Wetland inventories

Consortium Inventory

Need for bi-national wetland inventory of coastal wetlands.

During the early 2000s, the Great Lakes Coastal Wetland Consortium (GLCWC; see Ingram et al. 2004), consisting of both U.S. and Canadian scientists and policy makers, worked together to create a Geographic Information System (GIS)-based coastal wetland inventory for all five Great Lakes (see map above).  The GLCWC aimed to identify all existing coastal wetland habitat along the Great Lakes shoreline that were >2 ha in size, using the most up-to-date sources.


The Canadian dataset included all wetlands in the Ontario Great Lakes Coastal Wetland Atlas (OGLCWA), which was published by Environment Canada and the Ontario Ministry of Natural Resources in 2003 and included all wetlands evaluated by the Ontario Wetland Evaluation System (OWES).   Information used in the atlas dated back to 1983 and were updated with information current to 1999.  These evaluated wetlands occurred primarily in Lakes Superior, Erie, Ontario, as well as all connecting channels, and were used as a starting point.  All wetland boundaries in the OGLCWA were verified with aerial photos, and in regions where no wetland had been evaluated, an expert manually identified wetlands using available aerial photographs.  For the eastern Georgian Bay region, aerial photographs (taken in the summers between 1984 to 2000) were available at a scale of 1:10 000 from Severn Sound to Parry Sound, and this allowed for a pixel resolution of 0.4 m.  From Parry Sound to Key River, however,  photos were only available at a scale of 1:20 000 (taken in the summers between 1986 to 1996), and allowed for a more coarse pixel resolution of 0.8 m.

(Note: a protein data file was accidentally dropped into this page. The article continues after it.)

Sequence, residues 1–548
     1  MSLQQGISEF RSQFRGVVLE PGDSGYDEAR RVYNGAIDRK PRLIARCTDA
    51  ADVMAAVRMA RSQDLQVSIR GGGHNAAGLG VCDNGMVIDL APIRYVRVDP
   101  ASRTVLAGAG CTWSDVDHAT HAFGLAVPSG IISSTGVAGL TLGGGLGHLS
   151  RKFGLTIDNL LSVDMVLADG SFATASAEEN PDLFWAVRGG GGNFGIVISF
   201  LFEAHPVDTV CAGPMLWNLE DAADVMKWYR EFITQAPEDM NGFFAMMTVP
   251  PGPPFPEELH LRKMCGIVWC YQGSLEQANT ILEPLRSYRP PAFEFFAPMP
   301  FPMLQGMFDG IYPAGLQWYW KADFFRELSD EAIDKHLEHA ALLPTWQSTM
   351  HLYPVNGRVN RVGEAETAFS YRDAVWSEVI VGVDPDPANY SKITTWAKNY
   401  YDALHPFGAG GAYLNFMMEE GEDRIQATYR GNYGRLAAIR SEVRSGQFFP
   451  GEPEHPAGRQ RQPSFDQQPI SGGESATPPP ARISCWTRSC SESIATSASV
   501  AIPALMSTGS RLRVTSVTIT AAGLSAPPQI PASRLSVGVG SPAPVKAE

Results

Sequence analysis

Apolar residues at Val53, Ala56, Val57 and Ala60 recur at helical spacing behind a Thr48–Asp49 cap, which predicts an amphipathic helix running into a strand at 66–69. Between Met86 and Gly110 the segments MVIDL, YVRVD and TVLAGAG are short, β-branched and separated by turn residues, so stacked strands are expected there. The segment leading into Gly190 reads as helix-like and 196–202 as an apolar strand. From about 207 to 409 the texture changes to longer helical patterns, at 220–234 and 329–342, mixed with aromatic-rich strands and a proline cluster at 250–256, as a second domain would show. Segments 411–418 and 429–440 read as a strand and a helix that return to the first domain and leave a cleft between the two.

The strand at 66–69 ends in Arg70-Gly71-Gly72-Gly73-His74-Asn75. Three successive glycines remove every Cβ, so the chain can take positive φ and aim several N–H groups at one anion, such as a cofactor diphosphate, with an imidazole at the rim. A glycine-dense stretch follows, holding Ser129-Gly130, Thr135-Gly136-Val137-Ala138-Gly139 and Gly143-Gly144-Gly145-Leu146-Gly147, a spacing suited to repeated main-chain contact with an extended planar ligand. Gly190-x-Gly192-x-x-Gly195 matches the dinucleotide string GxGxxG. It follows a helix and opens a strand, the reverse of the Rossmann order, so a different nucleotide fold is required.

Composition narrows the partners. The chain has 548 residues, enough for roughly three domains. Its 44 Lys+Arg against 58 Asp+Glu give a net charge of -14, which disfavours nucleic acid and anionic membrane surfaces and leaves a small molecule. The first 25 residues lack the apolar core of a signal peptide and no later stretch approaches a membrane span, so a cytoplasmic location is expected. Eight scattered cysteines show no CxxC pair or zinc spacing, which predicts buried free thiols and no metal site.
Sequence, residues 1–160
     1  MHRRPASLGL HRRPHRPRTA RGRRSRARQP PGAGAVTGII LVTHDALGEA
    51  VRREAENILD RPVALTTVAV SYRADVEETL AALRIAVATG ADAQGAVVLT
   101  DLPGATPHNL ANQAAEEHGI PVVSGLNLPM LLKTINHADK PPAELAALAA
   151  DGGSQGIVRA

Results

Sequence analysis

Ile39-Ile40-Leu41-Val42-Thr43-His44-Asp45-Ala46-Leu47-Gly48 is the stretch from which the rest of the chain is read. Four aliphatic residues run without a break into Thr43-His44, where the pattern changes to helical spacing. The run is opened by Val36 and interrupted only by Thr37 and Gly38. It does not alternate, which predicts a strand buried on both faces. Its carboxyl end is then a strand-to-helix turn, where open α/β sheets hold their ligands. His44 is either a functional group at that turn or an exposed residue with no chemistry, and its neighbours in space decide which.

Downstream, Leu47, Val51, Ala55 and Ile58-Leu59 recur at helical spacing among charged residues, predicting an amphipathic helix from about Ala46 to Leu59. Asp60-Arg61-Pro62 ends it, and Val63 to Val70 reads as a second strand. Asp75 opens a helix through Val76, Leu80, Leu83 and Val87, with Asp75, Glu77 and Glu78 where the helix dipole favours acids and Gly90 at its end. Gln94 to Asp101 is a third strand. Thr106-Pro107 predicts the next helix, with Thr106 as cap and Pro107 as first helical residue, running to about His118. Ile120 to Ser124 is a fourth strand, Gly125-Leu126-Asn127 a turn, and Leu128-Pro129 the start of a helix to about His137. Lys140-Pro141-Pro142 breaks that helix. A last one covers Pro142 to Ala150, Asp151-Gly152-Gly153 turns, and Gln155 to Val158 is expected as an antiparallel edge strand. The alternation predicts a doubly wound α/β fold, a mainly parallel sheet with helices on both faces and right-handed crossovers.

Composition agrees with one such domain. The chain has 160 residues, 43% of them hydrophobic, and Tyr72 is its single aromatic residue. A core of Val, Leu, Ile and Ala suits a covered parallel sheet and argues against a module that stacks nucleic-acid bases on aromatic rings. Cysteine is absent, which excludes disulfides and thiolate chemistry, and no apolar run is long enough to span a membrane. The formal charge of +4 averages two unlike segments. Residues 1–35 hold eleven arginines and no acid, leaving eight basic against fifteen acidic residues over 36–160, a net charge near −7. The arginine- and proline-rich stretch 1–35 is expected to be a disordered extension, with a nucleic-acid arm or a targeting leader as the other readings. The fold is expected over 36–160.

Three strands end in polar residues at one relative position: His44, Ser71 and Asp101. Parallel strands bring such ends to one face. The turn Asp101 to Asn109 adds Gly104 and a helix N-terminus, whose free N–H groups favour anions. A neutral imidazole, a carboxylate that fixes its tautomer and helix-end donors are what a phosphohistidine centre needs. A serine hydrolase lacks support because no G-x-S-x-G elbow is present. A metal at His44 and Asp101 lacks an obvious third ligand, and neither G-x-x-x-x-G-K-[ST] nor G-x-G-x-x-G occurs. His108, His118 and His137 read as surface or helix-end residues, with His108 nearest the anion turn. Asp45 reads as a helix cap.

GLCWC Inventory Not Comprehensive for Georgian Bay

Although the GLCWC inventory includes wetlands standardized for both Canada and the United States, it is not comprehensive for Georgian Bay, specifically, in northern and eastern Georgian Bay, where aerial photography had incomplete coverage.  Many island archipelagos and rocky coastal regions had been excluded because the initial acquisition of aerial photographs were for forest survey purposes.  Another problem is that wetlands had been delineated from photos taken in different years (1983 to 1999) and at different water levels, and therefore wetland size within the inventory varied according to water level at the time of photo acquisition and could not be compared directly.